Repoussoir is a framing and composition technique used in art and photography. Pronounced “ruh-poo-swahr”, the term originates from the French verb repousser, meaning “to push back”.
As its etymology suggests, repoussoir framing creates depth, with the ultimate purpose of drawing focus to the subject. There are several different ways you can apply this technique to your photography, which we’ve delved into below. But first, let’s take a look at the history of the technique and break down exactly how it works.
Repoussoir in Art
Before photography was even invented, artists were using repoussoir to draw the viewer’s eye into the frame of their paintings. While it’s unknown who first used the technique, the 16th Century Italian artist, Caravaggio, is considered a repoussoir master.
Caravaggio’s works were a source of inspiration for many dutch artists in the 17th Century, aka the Dutch Golden Age. As a result, repoussoir can also be seen in many of the pieces produced during this time. However, it’s generally considered a timeless technique given it has been used independently by artists from different periods across various styles and forms.
How Repoussoir Works
Repoussoir is a time-tested method for using the foreground to strategically frame other parts of the scene. Simply explained, it involves placing objects such as people, buildings or foliage in the foreground of your frame on either side. Bracketing your subject with objects, or even harsh light or shadows, helps draw the viewer’s eye to the focal point of your image.
Repoussoir in Photography
The technique is more easily applied in art, where you can choose what objects or elements to include. The only limit is your imagination (and your painting skills). In photography, it can be much harder to control the visual elements that make up your creation. We’ve listed three ways you can use repoussoir in photography below.
Use people or animals to create movement
Just like leading lines, the eyes or directional positioning of people or animals in a scene will entice the viewer to look at a certain region of the photograph. When we see other people (or furry friends) focusing their attention on something, we naturally want to find out what it is. We essentially become an onlooker, part of the scene in the photograph.
Try it out for yourself. Assemble a group of people, and position those who aren’t the subject on the sides of your frame. Direct them to look at your intended subject, and take the picture. Now, take another photograph without them looking at the subject. Which is better?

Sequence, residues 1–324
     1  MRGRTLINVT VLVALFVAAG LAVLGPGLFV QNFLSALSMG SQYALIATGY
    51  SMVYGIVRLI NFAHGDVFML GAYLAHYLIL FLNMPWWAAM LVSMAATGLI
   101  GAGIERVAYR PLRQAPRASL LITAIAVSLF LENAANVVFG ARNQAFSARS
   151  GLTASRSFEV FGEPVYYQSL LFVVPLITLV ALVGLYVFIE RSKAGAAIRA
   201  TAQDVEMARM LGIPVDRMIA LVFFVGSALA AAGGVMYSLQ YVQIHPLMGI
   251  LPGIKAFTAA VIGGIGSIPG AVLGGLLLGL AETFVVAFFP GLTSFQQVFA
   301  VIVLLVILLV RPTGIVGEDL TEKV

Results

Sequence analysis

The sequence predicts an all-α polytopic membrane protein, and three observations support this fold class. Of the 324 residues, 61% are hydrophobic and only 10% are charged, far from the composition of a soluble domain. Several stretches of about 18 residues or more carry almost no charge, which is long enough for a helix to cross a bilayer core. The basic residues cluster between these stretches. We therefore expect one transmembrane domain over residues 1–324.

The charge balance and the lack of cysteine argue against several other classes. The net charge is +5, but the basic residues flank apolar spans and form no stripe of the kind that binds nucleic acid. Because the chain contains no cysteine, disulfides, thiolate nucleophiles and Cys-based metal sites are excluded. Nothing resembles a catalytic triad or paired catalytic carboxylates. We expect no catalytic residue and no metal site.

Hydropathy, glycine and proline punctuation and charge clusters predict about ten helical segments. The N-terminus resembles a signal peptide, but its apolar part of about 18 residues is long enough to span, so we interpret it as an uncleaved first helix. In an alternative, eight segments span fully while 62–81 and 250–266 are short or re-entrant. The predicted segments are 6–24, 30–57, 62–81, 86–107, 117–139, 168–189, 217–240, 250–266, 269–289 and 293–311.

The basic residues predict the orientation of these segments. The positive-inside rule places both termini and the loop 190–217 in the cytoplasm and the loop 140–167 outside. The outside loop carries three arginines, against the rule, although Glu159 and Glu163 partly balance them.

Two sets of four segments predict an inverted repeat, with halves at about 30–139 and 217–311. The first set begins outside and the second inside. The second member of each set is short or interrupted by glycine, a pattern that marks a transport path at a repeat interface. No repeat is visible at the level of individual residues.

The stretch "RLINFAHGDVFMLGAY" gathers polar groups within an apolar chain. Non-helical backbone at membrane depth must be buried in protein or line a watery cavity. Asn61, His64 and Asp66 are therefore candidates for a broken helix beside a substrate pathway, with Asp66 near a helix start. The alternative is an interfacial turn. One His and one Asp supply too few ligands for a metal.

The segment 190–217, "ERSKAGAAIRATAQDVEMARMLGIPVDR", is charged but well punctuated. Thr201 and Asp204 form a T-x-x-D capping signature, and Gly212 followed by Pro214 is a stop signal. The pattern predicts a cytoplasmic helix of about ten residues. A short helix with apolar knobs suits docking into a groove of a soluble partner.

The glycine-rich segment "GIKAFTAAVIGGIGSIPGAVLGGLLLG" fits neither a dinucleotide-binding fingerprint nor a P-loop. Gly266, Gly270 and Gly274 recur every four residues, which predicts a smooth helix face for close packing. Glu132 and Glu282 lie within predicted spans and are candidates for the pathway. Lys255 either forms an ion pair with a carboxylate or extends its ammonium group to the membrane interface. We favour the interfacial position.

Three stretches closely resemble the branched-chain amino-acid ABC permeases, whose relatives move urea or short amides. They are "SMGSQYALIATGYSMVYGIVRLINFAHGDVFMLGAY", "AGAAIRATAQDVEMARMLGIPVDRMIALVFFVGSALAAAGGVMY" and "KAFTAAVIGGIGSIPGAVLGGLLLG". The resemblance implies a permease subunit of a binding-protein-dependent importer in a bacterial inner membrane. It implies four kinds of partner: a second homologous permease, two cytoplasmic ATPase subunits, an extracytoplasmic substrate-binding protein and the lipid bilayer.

If you’re working with animals, it may be harder to draw their gaze, but you only need a split second (and a fast shutter speed).
Place the viewer in the scene
Similar to the previous method, one way to create repoussoir is to involve the audience in the action. Making the viewer feel as if they are part of the scene captured in the image obviously makes for a more compelling viewing experience. The easiest way to do this is to photograph over the shoulder of a person or group of people that is looking at the intended subject.
For example, imagine you are hired to photograph a speaking event. You could use a telephoto lens and simply capture close ups of the presenter. However, using a wider lens and including audience members in the foreground, you can capture a photograph that will make the viewer feel like they are also sitting in the room, watching the presentation.
Bracket your subject using objects or light
If you’re not working with a crowd or multiple subjects, you can also bracket your subject using physical structures, objects, or even light. For example, a common way to achieve repoussoir is to darken parts of the foreground to bring more attention to the subject in a different region. This will be easier in a studio setting, where you have full control over the lighting.
Alternatively, you can position yourself or your subject so they are surrounded by other objects, or even partially obstructed from view. Blocking part of the subject with a tree, building, or something else that won’t pull the focus, can help add mystery or intrigue to your image.
Like repoussoir in art, this classic technique can be used effectively in photography to draw the viewer’s eye. For more compelling imagery, try combining it with other composition techniques.
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